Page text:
Exercise caution, but don't panic. In panic mode, people feel overwhelmed, confused, disoriented, and have poor judgment.
Positivity increases efficiency and effectiveness.
Don’t lose sight of the future. The most important thing to remember is that all crises do pass. We have conquered the plague, yellow fever, smallpox, polio, swine flu, and other pandemics. This is our opportunity to acknowledge responsibility, take ownership, and do our very best.
By Dan King
Member of NYACP Geriatrics Task Force
Over the past two weeks our lives have changed at a dizzying pace in response to the threat posed by Covid-19. As clinic and office visits are canceled in favor of telephone or video encounters, our patients continue to seek our advice on how they can best protect themselves and their family. Many of us care for patients who are elderly or have multiple medical comorbidities that place them at increased risk for complications, severe illness, or death. What is some practical advice we can offer them and their caregivers to help navigate these challenges?
We know that physical distancing is essential and, at the same time, the risks of social isolation are real. As adult day programs close; as aid services are affected by exposures and school cancellations; and, as residential facilities shutter dining rooms, curb programing, and restrict visitors; the opportunities for socialization have decreased drastically. Nursing homes and assisted living facilities may be on “lockdown.” We should advise caregivers to help combat social isolation with a daily phone call to check in on their loved ones. This is also an opportunity to use the video chat features of smart phones and computers to enhance this interpersonal connection.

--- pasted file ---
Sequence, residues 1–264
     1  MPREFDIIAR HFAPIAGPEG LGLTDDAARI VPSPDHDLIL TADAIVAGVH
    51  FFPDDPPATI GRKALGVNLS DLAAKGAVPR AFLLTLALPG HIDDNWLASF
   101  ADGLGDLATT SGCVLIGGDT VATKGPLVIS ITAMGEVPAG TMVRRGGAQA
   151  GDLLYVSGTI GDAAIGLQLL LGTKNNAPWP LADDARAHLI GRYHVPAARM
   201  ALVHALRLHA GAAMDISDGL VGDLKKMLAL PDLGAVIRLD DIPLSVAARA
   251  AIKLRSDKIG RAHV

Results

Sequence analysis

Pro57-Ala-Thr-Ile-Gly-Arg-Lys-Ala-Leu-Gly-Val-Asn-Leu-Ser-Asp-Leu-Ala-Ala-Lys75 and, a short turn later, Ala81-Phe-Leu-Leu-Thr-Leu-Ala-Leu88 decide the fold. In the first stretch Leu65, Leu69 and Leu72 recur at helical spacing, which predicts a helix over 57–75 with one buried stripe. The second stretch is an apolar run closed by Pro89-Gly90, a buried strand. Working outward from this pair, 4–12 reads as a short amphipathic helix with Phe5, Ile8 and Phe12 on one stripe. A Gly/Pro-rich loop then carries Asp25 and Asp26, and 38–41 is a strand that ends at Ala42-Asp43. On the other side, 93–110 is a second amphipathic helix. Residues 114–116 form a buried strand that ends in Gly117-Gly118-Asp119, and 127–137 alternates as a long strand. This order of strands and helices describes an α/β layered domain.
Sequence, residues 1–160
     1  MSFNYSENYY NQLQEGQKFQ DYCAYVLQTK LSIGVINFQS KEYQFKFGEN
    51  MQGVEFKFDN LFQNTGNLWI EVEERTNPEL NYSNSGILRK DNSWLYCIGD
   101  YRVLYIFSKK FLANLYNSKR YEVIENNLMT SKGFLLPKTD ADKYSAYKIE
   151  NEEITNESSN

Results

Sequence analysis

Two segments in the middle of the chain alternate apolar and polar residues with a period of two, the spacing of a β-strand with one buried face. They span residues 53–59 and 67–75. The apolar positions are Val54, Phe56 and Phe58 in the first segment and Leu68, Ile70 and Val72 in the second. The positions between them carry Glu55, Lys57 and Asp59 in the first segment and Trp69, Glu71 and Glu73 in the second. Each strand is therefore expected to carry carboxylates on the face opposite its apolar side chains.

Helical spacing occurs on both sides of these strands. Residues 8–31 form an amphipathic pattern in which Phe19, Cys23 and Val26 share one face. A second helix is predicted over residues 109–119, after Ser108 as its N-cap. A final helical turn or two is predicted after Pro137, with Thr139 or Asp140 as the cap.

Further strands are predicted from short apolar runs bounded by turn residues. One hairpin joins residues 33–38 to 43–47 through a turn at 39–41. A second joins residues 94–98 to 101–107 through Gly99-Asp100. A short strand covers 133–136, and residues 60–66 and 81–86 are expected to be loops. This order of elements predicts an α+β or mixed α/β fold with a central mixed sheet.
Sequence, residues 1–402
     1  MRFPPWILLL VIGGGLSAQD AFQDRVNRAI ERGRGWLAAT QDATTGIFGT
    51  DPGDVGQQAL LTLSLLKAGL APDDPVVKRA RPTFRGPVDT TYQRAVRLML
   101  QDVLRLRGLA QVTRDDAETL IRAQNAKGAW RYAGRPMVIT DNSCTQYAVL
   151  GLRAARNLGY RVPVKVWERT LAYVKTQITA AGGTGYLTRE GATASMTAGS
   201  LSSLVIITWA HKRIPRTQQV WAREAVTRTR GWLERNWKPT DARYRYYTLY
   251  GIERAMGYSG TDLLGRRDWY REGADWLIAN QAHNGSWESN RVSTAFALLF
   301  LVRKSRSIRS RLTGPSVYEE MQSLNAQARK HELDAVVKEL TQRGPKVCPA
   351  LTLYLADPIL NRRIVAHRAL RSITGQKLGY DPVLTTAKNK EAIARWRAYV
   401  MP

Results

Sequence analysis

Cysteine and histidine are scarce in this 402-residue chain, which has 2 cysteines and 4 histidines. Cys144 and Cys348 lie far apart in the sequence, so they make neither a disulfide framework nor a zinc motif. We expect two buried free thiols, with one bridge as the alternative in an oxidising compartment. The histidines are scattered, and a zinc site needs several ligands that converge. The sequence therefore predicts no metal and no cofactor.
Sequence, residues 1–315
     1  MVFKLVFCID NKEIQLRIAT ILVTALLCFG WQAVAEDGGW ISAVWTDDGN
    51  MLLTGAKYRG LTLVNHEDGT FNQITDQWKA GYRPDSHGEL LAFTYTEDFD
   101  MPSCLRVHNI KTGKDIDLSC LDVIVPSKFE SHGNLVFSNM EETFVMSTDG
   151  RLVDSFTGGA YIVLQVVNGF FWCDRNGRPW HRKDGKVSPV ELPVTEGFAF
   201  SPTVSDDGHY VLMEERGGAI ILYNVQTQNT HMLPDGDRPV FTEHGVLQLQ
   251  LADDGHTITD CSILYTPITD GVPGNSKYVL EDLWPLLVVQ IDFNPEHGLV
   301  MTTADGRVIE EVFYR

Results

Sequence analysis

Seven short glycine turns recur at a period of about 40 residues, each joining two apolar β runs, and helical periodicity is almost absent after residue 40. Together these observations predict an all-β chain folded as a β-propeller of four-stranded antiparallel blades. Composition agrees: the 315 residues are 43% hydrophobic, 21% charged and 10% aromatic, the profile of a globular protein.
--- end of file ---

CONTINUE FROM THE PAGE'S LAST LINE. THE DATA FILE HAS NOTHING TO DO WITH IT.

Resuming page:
Nonetheless, it is a time when we must advocate for limited visitation and travel. Face-to-face encounters with multiple people and grandchildren should be kept to a minimum. This is a time to spend brief, one-on-one visits.
We need to reiterate the importance of good hygiene and infection prevention measures, including handwashing. The CDC recommends that we wash often, and for at least 20 seconds. This is especially true for our vulnerable patients, and for all who have contact with them.
The situation is evolving rapidly. Health care practitioners must be up-to-date on all information available from local health authorities, the CDC, and the WHO. This assures that we are able to provide accurate, evidence-based advice with a high level of confidence.
We also need to be sure our patients know that, despite the current public health crisis, we are still there for them. If our patients have an acute concern or an issue that needs evaluation, we should be available for consultation and advice. Though we might steer some to telehealth, others still require a face-to-face visit to provide high-quality care, and this can be determined on an individual basis. We should implement effective and efficient triage procedures so our patients know we are prepared to meet their medical needs.
If not done before now, we need to encourage our patients and their caregivers to engage in advance care planning. It may be a difficult topic to broach in a time of heightened anxiety and uncertainty, but it is actually more important because of this. These conversations need not be “live or die” dichotomies, but should be approached from the perspective of what values are important to preserve with respect to medical care and quality of life. Today, this is as essential as any other aspect of medical care we can provide.
By John Maese, MD, MACP
Chair of NYACP Volunteer Task Force
Social isolation is a tremendous psychological issue for our patients especially the elderly. We are aware that ambulatory doctor office visits are down and each of you are very busy. If your office staff has time, we are asking each practice to call their over 65-year-old or vulnerable patients and periodically check up on them during this crisis. Patents trust their doctors and will accept calls. Thank you for all your do and are doing during this crisis.